It’s never too early to start planning for pregnancy. Preconception health care focuses on things you can do before and between pregnancies to increase your chances of having a healthy baby.
Seven things you should do before family planning
Steps to take before family planning
- Make healthy food choices – It’s important to start making healthy food choices now and stocking up your fridge with food rich in nutrients such as fruits, vegetables, low fat dairy products, lean meat, fish, nuts and legumes. It is best if you can absorb a lot of protein, iron, calcium and folic acid from your diet. Try cutting down on junk food, fried food, chips and carbonated drinks.
- Begin taking folic acid supplements – It is recommended to take at least 400 micrograms (mcg) of folic acid supplement a day for women who are planning to get pregnant. You should start taking the supplement for at least three months before you successfully conceive. Folic acid should be continued even after you have successfully conceived. It plays an important role to prevent birth defects of the central nervous system such as spina bifida.
- Maintain a healthy weight – This is important to prepare you for the upcoming stress of pregnancy and raising a child. Being underweight can put a strain on your physical health during pregnancy, and may result in an undernourished baby with low birth weight. Being overweight not only makes it harder to conceive, but also increases the risk of complications during pregnancy such as high blood pressure, gestational diabetes and miscarriage. By ensuring regular physical activity during the preconception period, this will help ensure an easier labor process at the later stage due to better pelvic muscle strength.
- Stop unhealthy behaviour – Unhealthy behaviour such as smoking and drinking alcohol will cause harm to your pregnancy and significantly increases the risk of premature birth, birth defects and infant death. You should stop these activities while you are planning to get pregnant, as even a small amount of these substances can affect fetal development in the early stages of pregnancy.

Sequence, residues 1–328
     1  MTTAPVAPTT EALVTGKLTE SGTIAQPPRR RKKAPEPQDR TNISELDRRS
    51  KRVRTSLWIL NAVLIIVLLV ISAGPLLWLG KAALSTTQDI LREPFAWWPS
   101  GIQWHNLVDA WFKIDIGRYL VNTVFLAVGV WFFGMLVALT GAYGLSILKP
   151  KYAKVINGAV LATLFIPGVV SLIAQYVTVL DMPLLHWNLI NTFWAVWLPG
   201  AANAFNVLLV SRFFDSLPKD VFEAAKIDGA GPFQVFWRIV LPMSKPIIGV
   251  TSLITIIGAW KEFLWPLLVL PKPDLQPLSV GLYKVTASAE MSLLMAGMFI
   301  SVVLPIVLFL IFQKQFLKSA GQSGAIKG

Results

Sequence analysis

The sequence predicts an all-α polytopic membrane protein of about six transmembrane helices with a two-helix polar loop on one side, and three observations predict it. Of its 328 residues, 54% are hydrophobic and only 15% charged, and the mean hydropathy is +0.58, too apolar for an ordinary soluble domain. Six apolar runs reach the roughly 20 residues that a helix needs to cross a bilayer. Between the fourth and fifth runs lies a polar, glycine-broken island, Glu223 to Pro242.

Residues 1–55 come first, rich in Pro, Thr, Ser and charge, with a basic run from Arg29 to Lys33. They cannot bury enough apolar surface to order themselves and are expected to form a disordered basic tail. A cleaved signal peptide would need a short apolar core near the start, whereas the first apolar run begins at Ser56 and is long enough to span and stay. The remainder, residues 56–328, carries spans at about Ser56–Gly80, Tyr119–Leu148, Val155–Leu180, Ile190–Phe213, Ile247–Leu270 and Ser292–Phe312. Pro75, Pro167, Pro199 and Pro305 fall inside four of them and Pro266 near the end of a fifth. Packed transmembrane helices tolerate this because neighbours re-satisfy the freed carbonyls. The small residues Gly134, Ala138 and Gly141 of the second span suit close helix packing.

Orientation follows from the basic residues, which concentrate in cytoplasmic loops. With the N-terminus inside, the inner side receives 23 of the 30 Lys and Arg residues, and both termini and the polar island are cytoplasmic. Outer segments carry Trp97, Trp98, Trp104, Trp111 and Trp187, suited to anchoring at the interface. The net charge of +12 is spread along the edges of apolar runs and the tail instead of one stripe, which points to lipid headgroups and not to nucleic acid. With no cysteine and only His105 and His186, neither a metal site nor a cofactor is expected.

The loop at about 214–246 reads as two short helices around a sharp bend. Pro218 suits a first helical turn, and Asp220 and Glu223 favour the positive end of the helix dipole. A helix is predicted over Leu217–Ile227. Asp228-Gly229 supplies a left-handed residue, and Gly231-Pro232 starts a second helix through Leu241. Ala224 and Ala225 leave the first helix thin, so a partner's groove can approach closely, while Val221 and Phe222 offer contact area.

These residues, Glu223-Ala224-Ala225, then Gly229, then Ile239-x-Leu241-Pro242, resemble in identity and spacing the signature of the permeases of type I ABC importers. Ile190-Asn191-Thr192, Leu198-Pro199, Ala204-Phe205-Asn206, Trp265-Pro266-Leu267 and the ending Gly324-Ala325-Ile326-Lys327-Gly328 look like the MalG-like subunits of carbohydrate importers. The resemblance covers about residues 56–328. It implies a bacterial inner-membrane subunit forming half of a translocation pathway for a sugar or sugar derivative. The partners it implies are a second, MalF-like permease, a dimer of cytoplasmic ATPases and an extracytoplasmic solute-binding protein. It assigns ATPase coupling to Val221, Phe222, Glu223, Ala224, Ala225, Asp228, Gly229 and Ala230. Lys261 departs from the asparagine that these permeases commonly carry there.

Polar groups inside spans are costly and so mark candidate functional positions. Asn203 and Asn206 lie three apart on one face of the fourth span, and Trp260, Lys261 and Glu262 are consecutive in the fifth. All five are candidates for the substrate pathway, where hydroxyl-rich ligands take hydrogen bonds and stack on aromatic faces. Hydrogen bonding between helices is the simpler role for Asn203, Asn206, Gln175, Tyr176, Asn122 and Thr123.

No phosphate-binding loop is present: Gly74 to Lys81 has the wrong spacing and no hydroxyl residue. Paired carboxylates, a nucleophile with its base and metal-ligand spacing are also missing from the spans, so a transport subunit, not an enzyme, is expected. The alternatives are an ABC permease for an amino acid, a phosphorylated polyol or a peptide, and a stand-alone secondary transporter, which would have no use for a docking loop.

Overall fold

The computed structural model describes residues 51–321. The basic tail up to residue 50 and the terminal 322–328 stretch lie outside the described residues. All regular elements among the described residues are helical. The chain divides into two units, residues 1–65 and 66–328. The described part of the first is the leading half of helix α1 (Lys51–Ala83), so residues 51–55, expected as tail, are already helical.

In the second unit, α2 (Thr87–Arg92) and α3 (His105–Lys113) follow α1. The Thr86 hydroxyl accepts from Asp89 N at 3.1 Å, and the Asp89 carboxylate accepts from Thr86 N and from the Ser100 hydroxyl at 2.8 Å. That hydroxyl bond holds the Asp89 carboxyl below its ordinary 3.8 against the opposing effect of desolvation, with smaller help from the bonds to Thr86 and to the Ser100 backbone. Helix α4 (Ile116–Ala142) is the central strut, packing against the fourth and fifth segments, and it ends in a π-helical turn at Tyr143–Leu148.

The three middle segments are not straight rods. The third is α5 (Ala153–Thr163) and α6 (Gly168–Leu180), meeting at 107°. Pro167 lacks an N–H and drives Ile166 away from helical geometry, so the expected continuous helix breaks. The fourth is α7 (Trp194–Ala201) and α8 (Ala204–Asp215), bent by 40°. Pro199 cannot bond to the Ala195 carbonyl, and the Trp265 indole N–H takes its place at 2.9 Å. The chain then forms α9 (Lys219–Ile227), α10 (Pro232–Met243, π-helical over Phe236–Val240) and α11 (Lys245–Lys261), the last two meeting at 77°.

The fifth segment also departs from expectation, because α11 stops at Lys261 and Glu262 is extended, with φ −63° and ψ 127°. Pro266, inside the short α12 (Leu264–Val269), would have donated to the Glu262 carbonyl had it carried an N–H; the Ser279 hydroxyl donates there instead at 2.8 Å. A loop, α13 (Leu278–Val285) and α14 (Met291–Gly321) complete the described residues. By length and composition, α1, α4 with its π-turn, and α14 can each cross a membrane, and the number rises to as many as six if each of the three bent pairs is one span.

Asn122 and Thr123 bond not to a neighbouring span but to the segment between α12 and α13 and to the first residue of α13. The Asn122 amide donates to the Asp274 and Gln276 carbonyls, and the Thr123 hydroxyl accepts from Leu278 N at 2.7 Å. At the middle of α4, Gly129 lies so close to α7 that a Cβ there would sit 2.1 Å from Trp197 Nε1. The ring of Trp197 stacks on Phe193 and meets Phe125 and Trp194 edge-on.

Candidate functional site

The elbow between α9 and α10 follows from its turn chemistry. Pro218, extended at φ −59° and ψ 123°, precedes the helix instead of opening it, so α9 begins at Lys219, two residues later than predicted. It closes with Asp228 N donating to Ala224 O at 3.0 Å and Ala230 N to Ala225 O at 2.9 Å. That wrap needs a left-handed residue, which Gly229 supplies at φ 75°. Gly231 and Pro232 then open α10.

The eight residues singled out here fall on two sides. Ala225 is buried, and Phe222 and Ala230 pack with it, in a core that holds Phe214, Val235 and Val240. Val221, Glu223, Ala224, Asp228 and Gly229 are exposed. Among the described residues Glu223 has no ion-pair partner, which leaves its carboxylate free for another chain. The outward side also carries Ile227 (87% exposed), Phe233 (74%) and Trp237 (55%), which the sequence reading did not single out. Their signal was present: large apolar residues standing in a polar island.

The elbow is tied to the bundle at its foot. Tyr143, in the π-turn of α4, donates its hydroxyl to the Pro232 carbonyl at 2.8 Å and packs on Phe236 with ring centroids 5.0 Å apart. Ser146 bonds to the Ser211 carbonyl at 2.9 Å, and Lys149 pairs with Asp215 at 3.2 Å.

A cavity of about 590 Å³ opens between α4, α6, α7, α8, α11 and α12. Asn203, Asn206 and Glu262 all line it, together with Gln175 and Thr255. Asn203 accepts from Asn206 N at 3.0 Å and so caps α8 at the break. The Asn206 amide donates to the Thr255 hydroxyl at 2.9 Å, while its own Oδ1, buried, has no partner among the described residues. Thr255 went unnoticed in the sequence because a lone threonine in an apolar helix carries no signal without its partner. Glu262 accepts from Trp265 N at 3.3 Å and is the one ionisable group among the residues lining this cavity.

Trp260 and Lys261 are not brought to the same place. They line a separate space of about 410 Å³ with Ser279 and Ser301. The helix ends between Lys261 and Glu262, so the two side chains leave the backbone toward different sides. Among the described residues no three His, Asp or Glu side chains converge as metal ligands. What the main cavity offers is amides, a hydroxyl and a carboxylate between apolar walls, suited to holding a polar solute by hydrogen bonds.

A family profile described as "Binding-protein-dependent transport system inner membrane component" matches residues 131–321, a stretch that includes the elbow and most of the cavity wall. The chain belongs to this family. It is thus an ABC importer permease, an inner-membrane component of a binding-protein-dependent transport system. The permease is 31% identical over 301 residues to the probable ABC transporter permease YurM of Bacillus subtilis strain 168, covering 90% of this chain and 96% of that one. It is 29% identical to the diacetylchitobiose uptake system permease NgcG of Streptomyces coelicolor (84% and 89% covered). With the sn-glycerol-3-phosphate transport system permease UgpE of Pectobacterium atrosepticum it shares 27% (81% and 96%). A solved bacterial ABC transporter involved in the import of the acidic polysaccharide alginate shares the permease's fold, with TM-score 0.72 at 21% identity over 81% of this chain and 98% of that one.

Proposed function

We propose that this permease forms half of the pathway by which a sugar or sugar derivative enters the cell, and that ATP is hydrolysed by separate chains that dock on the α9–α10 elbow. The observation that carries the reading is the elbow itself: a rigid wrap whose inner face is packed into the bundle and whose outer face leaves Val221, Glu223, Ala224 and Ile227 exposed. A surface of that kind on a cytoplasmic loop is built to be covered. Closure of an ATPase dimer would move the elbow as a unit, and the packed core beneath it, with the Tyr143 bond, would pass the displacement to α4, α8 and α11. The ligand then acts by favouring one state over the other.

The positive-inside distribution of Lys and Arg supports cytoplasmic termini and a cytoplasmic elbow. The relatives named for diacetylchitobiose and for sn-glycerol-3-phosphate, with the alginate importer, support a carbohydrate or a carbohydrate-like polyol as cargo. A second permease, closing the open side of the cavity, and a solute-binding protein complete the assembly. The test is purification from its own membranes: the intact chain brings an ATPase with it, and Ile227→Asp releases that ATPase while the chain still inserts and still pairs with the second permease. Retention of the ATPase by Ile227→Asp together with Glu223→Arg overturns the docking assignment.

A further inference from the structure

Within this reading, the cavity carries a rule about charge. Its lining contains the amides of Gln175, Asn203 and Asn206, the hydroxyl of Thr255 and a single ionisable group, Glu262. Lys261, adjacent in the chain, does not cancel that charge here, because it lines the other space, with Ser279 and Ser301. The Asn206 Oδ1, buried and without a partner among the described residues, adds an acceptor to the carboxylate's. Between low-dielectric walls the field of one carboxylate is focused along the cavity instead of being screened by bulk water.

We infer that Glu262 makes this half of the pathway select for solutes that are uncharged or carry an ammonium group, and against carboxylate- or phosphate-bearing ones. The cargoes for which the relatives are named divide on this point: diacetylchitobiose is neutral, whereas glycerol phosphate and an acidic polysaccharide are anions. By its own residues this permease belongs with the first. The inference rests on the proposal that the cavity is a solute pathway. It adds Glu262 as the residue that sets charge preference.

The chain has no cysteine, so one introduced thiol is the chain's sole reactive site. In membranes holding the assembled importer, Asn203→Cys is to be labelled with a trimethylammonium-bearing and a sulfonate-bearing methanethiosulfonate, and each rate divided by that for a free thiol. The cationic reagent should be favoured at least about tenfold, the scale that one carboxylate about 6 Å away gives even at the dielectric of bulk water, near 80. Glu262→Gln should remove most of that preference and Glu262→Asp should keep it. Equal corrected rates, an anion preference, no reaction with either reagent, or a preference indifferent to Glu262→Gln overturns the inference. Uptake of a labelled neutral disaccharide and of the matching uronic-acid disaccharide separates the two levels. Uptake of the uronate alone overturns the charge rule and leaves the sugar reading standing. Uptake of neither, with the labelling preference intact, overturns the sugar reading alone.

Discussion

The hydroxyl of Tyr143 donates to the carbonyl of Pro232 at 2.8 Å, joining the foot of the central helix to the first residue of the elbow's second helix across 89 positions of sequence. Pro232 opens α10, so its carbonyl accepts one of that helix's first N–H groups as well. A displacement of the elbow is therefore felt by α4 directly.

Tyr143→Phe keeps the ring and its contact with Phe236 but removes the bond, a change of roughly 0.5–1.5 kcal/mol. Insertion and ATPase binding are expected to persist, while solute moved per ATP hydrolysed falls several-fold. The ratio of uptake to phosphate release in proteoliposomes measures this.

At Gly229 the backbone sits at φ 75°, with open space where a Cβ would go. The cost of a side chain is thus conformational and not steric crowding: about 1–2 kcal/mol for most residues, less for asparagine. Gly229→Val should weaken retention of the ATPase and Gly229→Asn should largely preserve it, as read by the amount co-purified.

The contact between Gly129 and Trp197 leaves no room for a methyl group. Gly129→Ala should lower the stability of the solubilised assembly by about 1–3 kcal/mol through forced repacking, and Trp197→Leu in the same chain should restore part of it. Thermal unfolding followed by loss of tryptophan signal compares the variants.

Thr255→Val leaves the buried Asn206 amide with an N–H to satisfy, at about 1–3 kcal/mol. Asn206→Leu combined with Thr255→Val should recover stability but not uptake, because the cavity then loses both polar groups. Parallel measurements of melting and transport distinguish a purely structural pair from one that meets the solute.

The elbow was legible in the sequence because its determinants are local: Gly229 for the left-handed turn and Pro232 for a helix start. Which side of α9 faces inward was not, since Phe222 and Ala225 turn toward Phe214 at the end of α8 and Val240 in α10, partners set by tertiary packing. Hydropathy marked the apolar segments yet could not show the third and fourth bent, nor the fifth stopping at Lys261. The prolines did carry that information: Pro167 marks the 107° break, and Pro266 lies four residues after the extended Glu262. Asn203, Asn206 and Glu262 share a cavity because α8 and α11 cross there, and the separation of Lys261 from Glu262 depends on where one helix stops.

- Consider preconception health screening – Getting a health screening targeted at your detailed family history, physical examination and laboratory testing for any hidden genetic diseases is essential during family planning. A good example will be thalassemia screening which can be done through a blood test for both males and females. We suggest that both you and your partner attend the health screening together in order to best assess your risk. If any genetic risk is detected, your pregnancy can then be monitored more closely by your gynaecologist for the safety of both you and your baby.
- Get vaccinated to prevent infection during pregnancy – Maternal health is very important during a pregnancy. Some infections such as rubella and measles can harm your baby during pregnancy and cause long term complications. Fortunately, these infections can be prevented with MMR (measles, mumps, rubella) vaccination. MMR vaccination should be avoided once you are pregnant, so it is best to get it beforehand. Your yearly influenza vaccine shot is useful as well; particularly considering you do not want to fall sick once pregnant when there are limited medication options available.
- Talk to your doctor if you have any long term medical conditions – If you are suffering from any long term medical conditions and are on medication for this, talk to your doctor to know which medications are safe to continue in pregnancy and make a shared decision regarding switching medications once you are pregnant if required. For example, some thyroid medications and blood pressure medications might not be suitable to be taken in pregnancy so planning in advance will be needed.
Last but not least, starting a family is an exciting event. Throughout your pregnancy, be sure to keep up all of your healthy habits and enjoy the journey of nurturing a new life!
For a full list of references, click here.
- Centers for Disease Control and Prevention. (2020). Planning for pregnancy. Retrieved on 25 May 2020 from https://www.cdc.gov/preconception/planning.html